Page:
Flora Yukhnovich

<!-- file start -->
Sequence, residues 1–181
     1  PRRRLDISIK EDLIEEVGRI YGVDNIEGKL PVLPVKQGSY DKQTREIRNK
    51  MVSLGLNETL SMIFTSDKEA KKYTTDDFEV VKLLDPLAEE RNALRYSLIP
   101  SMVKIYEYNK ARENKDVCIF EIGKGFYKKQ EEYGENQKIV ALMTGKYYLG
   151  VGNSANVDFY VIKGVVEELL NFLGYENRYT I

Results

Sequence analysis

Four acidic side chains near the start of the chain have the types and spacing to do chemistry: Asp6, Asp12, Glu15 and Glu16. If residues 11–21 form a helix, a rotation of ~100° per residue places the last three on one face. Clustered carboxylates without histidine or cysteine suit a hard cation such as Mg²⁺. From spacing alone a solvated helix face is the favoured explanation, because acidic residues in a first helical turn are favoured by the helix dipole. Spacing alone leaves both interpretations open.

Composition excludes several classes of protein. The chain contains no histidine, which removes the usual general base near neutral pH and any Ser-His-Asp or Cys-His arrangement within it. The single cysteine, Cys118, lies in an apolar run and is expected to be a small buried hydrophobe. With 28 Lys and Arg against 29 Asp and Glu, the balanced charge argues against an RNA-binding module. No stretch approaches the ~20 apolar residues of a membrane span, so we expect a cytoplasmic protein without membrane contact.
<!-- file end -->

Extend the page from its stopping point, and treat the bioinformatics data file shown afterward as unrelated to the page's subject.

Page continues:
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  Parkinson's work demonstrates a physically intimate exploration of materiality, transformation and scale over time. Concerned with the interaction and tension between man made structures and those of nature, she uses methods of intervention to create unpredictable results.   Kiting  takes its name from the way in which small invertebrates move through the air at the mercy of the wind. Likewise, Parkinson instigates the movement of raw materials and the work becomes the moment when all action is suspended in a state of flux, which she refers to as 'static motion'.  Kiting  presents a selection of her two and three dimensional works using rudimentary elements such as sand, steel, wax and pigment.  Scale is used to temper experience. Wall pigment pieces loom large like paint in a swimming pool; at once immersive and restless. Wax works betray the grand size of their landscape inspiration, akin to small segments of moon rock. In a play of opposites, Parkinson makes grand gestures on small canvases and small markings across an entire room. Her intention being for the viewer to overshadow the work, else the work to encapsulate the viewer.  An art practice centring around basic elements is a collaborative process. Parkinson heightens this through a mixture of control and letting substances do their own thing in their own time.  The result is a metaphysical exploration deeply rooted in a choice of materials which enable the artist to suspend states of fluidity and construction.
       
     
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